The only area where yaoi may perhaps not match to the Greek myth is that in yaoi, the male characters often represent both genders - the female characters are often missing or minor. But - show me the female characters in the myth of Hyacinth and Apollo?

I absolutely agree with you that modern yaoi is really written by women and for women in Japan. But I don't think the use of the Greek myth is too misplaced. :)

aug 7, 2006, 9:05 pm

No, it's really not the same. I have a hard time with people comparing myth (stories to explain the world, based on the active religion of the time) to yaoi, which is designed only to titillate.

aug 7, 2006, 9:12 pm

Some myth is meat to titillate. You should read American Indian Trickster Tales for some examples.

There is a rich tradition of mythology and legend in many cultures that strives to explain the greatest mystery of all time: the differences between men and women. :) I believe part of yaoi attempts to explore that difference, in a somewhat unconventional manner.

But I respect your opinion, tho' it differs from mine. :)

aug 7, 2006, 9:13 pm

The myth of Hyacinthus is meant to explain the hyacinth flower.

aug 7, 2006, 9:19 pm

Sorry to be confusing to you. I understand that there is a difference between the BL and yaoi manga, I just am not very clear on them and wanted to include everything of that nature. Yaoi seemed to be the most used term so I stuck with that.
“A lot of BL (and even more real yaoi/doujinshi) is mindless smut, but created by and for women.”
Is what I am interested in. I don’t want to be missing a wonderful series, just because I am not a fan of specifically boy/boy romance.

I bought lovelss because the idea sounded interesting. (Magic and cat-people are neat in my book.) However there is a lot of dialogue, and the visual flow is not the best I have seen. So it actually comes of as a more confusing read.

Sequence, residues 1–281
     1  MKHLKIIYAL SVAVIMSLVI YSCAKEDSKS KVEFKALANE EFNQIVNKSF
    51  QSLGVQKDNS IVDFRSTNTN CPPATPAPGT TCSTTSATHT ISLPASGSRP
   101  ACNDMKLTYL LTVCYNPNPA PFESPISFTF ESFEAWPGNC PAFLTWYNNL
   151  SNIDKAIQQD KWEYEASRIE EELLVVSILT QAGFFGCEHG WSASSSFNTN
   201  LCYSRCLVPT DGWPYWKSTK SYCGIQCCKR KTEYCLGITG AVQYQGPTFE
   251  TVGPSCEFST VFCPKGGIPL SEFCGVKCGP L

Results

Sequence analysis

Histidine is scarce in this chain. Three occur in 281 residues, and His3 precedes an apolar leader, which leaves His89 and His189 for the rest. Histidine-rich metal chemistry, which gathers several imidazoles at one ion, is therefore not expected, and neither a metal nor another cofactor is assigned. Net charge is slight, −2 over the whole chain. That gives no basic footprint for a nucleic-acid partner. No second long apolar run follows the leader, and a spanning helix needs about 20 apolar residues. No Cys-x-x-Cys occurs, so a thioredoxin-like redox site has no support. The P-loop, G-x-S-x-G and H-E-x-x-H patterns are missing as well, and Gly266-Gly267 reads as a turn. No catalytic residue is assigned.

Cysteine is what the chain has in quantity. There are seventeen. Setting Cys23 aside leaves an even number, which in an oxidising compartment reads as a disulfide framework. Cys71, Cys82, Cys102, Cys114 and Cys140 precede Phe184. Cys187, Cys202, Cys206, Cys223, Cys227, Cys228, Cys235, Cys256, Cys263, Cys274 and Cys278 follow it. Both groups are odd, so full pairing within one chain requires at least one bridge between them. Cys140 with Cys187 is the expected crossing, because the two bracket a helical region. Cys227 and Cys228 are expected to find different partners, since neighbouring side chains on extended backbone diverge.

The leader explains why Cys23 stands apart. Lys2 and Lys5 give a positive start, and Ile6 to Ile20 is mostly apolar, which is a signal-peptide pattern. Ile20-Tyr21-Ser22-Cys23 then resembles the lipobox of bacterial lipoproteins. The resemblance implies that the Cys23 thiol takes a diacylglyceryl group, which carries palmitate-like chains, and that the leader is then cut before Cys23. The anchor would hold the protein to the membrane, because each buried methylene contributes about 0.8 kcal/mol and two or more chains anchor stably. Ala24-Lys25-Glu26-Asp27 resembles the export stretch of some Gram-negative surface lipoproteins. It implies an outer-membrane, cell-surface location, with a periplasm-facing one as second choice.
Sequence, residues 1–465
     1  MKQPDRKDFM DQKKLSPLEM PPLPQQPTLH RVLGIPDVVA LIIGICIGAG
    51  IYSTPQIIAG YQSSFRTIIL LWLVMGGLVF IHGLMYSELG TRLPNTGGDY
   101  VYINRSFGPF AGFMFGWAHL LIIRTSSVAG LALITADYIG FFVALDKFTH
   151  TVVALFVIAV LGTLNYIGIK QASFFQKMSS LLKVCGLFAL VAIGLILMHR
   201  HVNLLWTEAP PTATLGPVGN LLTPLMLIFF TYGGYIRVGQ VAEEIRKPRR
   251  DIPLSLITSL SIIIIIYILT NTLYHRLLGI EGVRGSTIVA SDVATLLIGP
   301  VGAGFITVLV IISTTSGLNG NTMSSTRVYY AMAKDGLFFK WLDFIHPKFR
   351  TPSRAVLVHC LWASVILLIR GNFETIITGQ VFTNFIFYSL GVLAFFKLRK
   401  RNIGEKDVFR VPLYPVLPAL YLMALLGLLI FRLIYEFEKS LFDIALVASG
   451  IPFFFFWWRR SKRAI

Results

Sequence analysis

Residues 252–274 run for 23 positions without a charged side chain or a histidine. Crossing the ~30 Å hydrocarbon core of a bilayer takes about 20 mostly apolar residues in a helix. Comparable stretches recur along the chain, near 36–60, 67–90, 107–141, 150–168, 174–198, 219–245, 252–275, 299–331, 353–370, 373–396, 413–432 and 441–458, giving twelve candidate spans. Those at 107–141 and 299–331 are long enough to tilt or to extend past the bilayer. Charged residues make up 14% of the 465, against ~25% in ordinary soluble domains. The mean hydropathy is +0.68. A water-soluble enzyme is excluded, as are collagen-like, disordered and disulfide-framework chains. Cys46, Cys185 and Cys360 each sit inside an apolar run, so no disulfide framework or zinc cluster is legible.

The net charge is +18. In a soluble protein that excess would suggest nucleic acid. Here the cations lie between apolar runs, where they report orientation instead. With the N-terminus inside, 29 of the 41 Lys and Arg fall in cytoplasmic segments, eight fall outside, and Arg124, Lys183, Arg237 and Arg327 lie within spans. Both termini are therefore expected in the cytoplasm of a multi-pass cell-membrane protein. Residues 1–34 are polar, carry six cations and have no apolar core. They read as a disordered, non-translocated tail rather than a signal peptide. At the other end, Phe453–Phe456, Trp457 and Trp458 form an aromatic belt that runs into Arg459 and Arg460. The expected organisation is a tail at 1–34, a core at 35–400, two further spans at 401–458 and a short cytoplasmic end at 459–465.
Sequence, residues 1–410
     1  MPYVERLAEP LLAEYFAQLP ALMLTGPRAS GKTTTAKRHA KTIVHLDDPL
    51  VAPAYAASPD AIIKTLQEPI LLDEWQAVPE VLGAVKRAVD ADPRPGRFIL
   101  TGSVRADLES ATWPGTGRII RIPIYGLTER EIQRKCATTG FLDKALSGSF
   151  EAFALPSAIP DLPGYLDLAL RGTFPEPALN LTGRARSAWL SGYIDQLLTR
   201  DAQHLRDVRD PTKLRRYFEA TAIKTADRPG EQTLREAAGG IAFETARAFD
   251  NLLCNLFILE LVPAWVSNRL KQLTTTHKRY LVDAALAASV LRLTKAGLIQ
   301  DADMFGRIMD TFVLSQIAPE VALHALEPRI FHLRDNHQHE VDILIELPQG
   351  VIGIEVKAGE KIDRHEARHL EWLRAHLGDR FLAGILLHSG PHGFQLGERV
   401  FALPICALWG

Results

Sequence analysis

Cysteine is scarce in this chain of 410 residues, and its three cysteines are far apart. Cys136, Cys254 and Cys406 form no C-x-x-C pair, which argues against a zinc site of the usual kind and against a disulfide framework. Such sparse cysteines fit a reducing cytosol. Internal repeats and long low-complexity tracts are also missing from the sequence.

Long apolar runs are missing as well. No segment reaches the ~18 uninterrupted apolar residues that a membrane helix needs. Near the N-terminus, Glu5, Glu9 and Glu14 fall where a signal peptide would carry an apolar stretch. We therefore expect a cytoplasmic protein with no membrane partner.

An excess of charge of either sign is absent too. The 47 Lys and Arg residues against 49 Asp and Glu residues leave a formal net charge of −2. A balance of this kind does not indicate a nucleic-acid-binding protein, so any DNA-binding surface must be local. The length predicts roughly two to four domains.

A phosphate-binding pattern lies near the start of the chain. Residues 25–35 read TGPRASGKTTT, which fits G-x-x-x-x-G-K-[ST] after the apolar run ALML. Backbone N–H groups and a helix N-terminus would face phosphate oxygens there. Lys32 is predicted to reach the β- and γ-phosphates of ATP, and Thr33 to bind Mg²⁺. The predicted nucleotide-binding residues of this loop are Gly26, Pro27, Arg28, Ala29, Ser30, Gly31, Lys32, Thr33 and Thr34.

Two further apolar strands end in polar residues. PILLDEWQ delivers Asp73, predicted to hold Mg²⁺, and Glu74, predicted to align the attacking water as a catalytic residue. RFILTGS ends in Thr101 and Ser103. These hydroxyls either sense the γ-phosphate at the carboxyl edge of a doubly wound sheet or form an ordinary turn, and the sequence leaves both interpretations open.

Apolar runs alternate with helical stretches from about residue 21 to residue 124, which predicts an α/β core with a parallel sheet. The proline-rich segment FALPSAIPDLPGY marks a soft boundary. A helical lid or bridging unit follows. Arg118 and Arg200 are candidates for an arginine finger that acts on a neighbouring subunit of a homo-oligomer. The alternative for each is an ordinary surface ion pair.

aug 7, 2006, 9:22 pm

Well, if you're looking for smut? What kind? Happy fluffy smut? Bondage rape smut? ^^;

aug 8, 2006, 8:10 am

I'm not looking for any really :P

The situation is more like, I got a job at a library, and the rest of the employees are older/not interested in manga. I have seen some of the catalogues/conferences and publishers are really pushing yaoi titles. With a limited budget I would rather see them order FullMetal Alchemist, Fruits Basket, and Death Note. However if there are any stellar yaoi titles out there, I wish to be aware of them, even if it doesn't suit my particular taste.

aug 8, 2006, 2:15 pm

(Disclaimer: I am not a librarian.)

I can't think of any current English-language BL/yaoi releases that are really must-haves for a library collection that's just starting out with manga. Your main demand, I'd think, is for titles like FMA. (I'd probably add Naruto to that as well.)

For the library, I'd suggest Antique Bakery. This is not a BL title (it's not romance at all,) but it does have a gay character, and his relationships are discussed. It's a workplace drama about a bakery, and it's only 4 volumes.

Redigeret: aug 17, 2006, 7:39 pm

Neither Loveless nor Gravitation are technically BL. They are shoujo, in the same category as Fruits Basket, Yami no Matsui, and Antique Bakery.

If you want yaoi/BL for the library, the pickings are kind of slim. I think your best bet is Only the Ring Finger Knows. It's very mild, just some kissing, and it's one of the better titles aimed at a younger audience.

aug 17, 2006, 3:01 am

Uhhh... Loveless, YnM, etc. may not be BL... but Gravi is very definitely BL. o.O Very mild, unless you count the remix doujinshi done by the author/artist, but... yeah. BL.

aug 17, 2006, 4:02 am

Gravitation was published under a shoujo imprint in Japan. The original publisher (Sony Magazines) ran the series in the shoujo magazine "Kimi to Boku." The books were later republished by Gentousha under their shoujo imprint: Birz Comics Girls Collection. Gentousha's BL imprint is Birz Lynx, which they use to publish the Okane ga Nai manga.